Saturday, January 29, 2005

One That Got Away

This week's theme has become machine guns. It was not a planned theme, but this post and this one with its comments kinda set the tone.

I had an opportunity once to buy a Thompson sub-machine gun. I was in college in the 1970s. A man from our "brother" dorm knew I liked to shoot and told me his Dad was selling an old Thompson. I telephoned his Dad, the police chief of a small town. He had bought the weapon surplus and it was registered. Everything about it was legal and I met all qualifications for owning a machine gun then.

After a weekend visit home, the young man brought the gun to the dorm for inspection along with a copy of its ATF forms. We could not fire it since his Dad nixed that just in case something happened while he was in the middle of selling it.

By the way, we did not break one anti-gun rule even though my friend had the gun in his dorm room for a week. I even had it in my room since I had some gunsmith tools and we field stripped it and poked around in its innards for a closer look.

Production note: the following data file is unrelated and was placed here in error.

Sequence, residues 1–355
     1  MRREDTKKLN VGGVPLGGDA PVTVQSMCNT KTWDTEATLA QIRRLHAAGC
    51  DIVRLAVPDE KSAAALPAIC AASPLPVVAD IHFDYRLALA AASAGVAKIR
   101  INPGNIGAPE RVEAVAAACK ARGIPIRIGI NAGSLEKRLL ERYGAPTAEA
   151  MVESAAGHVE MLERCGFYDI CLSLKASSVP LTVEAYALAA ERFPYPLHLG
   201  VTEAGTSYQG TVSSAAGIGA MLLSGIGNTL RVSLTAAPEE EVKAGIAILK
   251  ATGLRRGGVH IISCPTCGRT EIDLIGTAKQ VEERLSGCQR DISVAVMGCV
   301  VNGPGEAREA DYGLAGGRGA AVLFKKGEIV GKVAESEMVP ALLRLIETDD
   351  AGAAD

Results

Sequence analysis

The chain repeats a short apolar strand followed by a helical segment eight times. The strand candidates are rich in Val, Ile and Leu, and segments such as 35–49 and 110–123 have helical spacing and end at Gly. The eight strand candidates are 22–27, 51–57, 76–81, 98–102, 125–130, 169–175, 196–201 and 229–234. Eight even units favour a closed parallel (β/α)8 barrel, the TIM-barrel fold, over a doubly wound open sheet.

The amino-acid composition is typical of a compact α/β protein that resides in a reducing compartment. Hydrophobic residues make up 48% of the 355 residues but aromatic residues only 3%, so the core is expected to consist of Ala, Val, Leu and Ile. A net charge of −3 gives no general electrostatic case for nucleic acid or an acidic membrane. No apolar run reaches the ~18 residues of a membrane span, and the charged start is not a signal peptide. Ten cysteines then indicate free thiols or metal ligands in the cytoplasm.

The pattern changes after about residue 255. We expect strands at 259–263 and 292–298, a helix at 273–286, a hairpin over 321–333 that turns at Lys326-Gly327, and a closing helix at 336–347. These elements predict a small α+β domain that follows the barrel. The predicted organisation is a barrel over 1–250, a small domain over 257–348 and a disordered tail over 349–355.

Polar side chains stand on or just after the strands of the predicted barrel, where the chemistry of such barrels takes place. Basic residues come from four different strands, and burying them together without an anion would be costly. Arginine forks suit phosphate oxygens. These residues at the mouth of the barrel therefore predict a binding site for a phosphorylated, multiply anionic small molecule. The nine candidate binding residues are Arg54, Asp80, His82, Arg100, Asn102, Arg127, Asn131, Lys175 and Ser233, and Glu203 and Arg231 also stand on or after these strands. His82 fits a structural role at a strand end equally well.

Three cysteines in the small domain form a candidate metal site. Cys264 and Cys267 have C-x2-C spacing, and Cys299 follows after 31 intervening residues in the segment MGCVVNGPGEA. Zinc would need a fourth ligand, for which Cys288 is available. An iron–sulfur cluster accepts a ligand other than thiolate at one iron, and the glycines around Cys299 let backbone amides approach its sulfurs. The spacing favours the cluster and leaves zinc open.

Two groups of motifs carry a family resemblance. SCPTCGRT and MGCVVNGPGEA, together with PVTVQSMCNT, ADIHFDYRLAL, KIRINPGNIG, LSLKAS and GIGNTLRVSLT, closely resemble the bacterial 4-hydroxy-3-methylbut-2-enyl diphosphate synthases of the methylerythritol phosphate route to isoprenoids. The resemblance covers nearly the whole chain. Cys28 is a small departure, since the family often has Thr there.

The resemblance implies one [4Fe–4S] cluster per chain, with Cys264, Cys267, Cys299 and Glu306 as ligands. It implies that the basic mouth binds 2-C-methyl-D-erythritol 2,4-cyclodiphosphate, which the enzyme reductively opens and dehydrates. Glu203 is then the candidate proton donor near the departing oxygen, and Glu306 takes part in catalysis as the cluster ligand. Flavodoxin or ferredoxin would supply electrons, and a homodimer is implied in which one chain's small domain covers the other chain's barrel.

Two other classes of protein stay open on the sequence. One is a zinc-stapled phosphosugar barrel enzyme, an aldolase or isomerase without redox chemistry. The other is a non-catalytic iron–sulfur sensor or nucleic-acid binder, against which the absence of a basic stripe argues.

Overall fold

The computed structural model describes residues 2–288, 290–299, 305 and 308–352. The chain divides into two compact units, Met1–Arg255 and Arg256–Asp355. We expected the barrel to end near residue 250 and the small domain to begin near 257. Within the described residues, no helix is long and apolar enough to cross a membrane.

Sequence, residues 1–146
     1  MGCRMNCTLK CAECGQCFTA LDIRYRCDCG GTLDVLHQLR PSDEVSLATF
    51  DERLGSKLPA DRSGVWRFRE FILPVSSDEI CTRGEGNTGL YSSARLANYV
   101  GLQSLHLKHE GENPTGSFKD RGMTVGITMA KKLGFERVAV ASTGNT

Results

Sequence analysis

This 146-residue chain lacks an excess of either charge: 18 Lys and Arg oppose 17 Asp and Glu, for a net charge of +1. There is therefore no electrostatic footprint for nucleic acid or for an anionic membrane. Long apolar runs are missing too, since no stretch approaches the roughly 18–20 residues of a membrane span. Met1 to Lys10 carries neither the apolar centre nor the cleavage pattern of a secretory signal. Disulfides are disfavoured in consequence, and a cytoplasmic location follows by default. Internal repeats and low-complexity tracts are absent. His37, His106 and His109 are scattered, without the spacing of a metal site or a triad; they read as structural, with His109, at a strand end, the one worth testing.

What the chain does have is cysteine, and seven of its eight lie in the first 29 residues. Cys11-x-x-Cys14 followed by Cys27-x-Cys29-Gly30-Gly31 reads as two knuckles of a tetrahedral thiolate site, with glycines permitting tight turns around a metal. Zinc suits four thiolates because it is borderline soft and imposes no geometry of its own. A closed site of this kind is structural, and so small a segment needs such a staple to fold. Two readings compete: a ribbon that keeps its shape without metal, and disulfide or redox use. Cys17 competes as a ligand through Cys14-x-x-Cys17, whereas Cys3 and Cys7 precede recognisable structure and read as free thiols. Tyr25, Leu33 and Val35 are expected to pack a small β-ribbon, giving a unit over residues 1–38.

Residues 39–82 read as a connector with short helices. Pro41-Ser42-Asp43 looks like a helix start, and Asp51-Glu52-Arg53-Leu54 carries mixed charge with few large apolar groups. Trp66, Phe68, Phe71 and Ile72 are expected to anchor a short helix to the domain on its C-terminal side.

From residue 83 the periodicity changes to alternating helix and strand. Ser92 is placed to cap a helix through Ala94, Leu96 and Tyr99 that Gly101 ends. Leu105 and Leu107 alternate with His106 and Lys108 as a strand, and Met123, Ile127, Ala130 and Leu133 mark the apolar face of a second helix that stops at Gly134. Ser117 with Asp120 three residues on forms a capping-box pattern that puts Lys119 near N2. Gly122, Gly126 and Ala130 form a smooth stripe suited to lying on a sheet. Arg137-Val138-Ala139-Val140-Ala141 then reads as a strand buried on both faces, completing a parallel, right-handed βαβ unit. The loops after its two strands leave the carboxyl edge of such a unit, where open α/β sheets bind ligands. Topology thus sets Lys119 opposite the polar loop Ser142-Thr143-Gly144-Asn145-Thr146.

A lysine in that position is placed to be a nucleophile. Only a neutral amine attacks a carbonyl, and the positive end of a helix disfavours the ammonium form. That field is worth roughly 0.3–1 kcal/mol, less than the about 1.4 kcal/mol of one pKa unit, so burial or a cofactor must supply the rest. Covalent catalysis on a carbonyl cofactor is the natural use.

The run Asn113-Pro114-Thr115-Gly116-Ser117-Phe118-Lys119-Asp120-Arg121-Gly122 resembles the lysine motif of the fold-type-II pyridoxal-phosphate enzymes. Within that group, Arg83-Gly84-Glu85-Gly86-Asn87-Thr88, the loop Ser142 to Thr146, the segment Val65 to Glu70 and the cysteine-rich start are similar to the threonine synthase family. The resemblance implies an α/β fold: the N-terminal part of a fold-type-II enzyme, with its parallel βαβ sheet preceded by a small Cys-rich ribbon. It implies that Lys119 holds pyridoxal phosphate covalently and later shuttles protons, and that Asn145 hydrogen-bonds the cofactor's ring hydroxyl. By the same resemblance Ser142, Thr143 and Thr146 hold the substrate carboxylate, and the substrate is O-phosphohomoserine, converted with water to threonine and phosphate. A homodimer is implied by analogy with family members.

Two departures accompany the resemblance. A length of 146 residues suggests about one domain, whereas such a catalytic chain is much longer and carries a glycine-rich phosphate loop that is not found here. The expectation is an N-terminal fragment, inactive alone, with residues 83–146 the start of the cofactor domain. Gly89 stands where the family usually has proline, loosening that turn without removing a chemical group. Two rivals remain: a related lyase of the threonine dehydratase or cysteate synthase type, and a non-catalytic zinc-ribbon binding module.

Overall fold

The Thompson was a World War II model with relatively crude wood stocks and finish. I don't remember what company made it. It had a stubby barrel, a sharp little front sight, and as I recollect little dings and scrapes around the bolt handle. The stock had also seen better days, but it was beautiful to my eyes.

I wanted that gun so bad my teeth hurt, but I had to talk to my father about buying it. The price was $500.00 and I would have to pay the $200.00 tax. As a college student, I didn't have $700.00 although I recall I had a good part of it. I needed a loan. I also needed the wise counsel of my Dad, the smartest man I know. He is an entrepreneur (retired now), he built a business from the ground up, he flew B-17s and B-29s in the war. I admired him then just as I do now.

Still, I got the worst advice possible. He talked me out of buying the gun. He questioned why anyone needed a machine gun. He talked about the expense of shooting one, the legal hassles of filling out ATF forms, the cost (high for a gun in those days), and everything else.

I took his counsel and thought then that I was making a wise, adult choice. I felt that by heeding my Dad's advice, I proved I was not some headstrong adolescent, but an adult ready to take her place in the world. I didn't buy it and regret it every time I think about it.

If I owned the gun now, it would be worth at least $18,000.00--not that I would sell it.

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